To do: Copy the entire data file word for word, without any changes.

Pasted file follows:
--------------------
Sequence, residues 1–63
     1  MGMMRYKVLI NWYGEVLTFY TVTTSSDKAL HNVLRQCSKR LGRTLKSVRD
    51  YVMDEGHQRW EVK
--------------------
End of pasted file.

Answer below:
Sequence, residues 1–63
     1  MGMMRYKVLI NWYGEVLTFY TVTTSSDKAL HNVLRQCSKR LGRTLKSVRD
    51  YVMDEGHQRW EVK